The problem is innocently simple, but yields a differential equation which I cannot solve (and it's in principle solvable).

**Free fall in a gravitational field**Consider a large mass [itex]M[/itex], which we place at the origin of a 1D coordinate system. We then drop a test mass [itex]m[/itex] from a certain height [tex]r=h_0[/itex], from rest. The problem is to calculate its position as a function of time, [tex]r(t)[/itex]. We assume that [itex]M \gg m[/itex] so the larger mass remains fixed at the origin and does not move.

An example of this would be a high-orbit satellite free-falling onto the Earth in a radial trajectory.

**My attempt at a solution**The physics of the problem is very straightforward. At a distance [itex]r[/itex] from the origin (where the larger mass is located), the local acceleration due to the gravitational force is given by

[tex]g(r) = -\frac{G M}{r^2}[/tex]

And so the (differential) equation of motion of the test mass is

[tex]\frac{d^2r}{dt^2} = -\frac{G M}{r^2}[/tex]

or, put simply,

[tex]r^2 \frac{d^2r}{dt^2} = -\mu[/tex]

where [itex]\mu \equiv GM[/itex] is the standard gravitational parameter of the system. This second-order ODE is not linear, so its solution might be complicated, but it's not impossible.

We define [itex]v \equiv dr/dt[/itex] so that [itex]d^2r/dt^2 = dv/dt[/itex], and using the chain rule we write the ODE as:

[tex]r^2 \frac{dv}{dr} \frac{dr}{dt} = -\mu[/tex]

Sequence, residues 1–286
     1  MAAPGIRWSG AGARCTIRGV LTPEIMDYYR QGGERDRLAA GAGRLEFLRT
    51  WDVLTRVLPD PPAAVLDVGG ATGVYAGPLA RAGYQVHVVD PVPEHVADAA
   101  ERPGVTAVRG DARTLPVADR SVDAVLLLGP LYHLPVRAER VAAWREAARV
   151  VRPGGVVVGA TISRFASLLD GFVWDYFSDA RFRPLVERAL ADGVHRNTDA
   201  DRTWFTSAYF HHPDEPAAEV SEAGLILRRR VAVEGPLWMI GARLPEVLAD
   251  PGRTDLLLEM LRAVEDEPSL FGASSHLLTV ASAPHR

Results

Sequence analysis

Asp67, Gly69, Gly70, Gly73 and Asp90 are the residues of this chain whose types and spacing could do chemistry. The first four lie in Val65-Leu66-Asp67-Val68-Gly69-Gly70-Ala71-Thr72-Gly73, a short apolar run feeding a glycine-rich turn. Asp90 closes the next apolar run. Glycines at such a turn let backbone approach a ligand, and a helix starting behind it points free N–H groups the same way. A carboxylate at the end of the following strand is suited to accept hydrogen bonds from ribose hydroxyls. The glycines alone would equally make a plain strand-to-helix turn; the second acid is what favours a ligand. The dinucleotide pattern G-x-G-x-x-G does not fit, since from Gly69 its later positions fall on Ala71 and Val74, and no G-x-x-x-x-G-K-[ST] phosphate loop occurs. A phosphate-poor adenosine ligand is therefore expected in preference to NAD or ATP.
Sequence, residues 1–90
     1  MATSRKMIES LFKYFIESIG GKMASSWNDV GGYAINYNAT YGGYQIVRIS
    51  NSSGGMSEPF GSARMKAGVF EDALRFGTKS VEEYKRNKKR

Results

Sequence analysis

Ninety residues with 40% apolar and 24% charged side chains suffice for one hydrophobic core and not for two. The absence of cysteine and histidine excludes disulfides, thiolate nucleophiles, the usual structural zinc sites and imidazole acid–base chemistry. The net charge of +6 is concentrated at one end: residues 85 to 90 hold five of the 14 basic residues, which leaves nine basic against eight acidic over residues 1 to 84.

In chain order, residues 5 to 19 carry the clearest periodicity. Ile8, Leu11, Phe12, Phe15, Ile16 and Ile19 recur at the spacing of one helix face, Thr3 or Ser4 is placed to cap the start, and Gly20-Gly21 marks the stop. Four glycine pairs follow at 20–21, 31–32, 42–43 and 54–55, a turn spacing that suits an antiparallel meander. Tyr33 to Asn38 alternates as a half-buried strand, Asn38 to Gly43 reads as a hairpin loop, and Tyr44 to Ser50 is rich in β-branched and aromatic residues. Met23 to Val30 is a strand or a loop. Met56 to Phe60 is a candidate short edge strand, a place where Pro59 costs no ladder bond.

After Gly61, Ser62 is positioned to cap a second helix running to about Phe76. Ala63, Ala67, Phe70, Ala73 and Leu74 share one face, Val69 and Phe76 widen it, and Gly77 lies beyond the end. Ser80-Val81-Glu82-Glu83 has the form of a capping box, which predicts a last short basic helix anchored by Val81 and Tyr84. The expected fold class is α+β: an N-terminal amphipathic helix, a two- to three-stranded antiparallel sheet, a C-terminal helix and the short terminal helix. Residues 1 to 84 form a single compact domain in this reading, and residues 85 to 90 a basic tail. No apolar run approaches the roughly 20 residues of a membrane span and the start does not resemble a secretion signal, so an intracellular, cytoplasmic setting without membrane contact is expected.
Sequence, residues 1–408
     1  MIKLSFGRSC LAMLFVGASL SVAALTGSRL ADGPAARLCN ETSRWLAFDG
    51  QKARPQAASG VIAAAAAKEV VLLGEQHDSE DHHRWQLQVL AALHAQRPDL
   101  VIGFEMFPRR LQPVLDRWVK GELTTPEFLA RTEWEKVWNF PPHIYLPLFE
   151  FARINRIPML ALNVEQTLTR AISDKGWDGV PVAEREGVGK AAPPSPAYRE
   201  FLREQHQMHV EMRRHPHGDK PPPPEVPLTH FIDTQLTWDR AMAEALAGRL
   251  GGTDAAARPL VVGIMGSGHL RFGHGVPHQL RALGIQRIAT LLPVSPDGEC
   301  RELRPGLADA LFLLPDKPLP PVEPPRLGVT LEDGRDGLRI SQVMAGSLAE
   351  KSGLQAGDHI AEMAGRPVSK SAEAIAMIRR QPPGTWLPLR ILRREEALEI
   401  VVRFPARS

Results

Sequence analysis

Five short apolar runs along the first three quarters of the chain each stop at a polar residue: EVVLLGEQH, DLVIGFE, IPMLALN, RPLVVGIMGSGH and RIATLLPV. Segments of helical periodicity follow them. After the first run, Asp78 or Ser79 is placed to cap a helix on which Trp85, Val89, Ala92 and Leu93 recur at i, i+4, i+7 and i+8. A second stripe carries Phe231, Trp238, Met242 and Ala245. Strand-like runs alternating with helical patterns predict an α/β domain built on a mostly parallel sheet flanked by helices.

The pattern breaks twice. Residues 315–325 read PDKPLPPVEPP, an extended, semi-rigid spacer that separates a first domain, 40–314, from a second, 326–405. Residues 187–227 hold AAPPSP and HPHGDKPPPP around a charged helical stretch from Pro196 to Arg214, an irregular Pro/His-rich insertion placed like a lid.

or, since [itex]dr/dt = v[/itex],

[tex]v r^2 \frac{dv}{dr} = -\mu[/tex]

In this form, the ODE is separable:

[tex]v dv = -\frac{\mu}{r^2} dr [/tex]

Integrating, we get

[tex]\frac{v^2}{2} = \frac{\mu}{r} + C [/tex]

where [itex]C[/itex] is an integration constant. Since we assume the object is dropped from rest from a height [itex]h_0[/itex], we can set [itex]v(r=h_0)=0[/itex] to obtain [tex]C[/itex]:

[tex]0 = \frac{\mu}{h_0} + C [/tex]

and hence

[tex]C = -\frac{\mu}{h_0}[/tex]

The solution of the ODE for the velocity is therefore (

**edit**: I just found out that this can be obtained very easily by an energy consideration):[tex]\frac{v^2}{2} = 2\mu \left( \frac{1}{r} - \frac{1}{h_0} \right) [/tex]

which gives the velocity as a (ugly) function of height:

[tex]v(r) = -\sqrt{2\mu \left( \frac{1}{r} - \frac{1}{h_0} \right)} [/tex]

(we take the negative root because we expect the velocity to be negative as the particle falls). The problem I encounter is when I try to integrate this equation:

[tex]-\int \frac{dr}{\sqrt{2\mu \left( \frac{1}{r} - \frac{1}{h_0} \right)}} = \int dt [/tex]

The right-hand side is trivial, and we can wright the left-hand side as follows:

[tex] -\frac{1}{\sqrt{2\mu}} \int \frac{dr}{\sqrt{\frac{\displaystyle 1}{r} - A}} = t + C [/tex]

where [itex]A \equiv 1/h_0[/itex] is a positive constant.

Here's where I'm stuck. I've no clue how to solve that integral. I gave it to Maxima, and I get a pretty ugly solution. Can anyone help? is there another way of solving the original differential equation?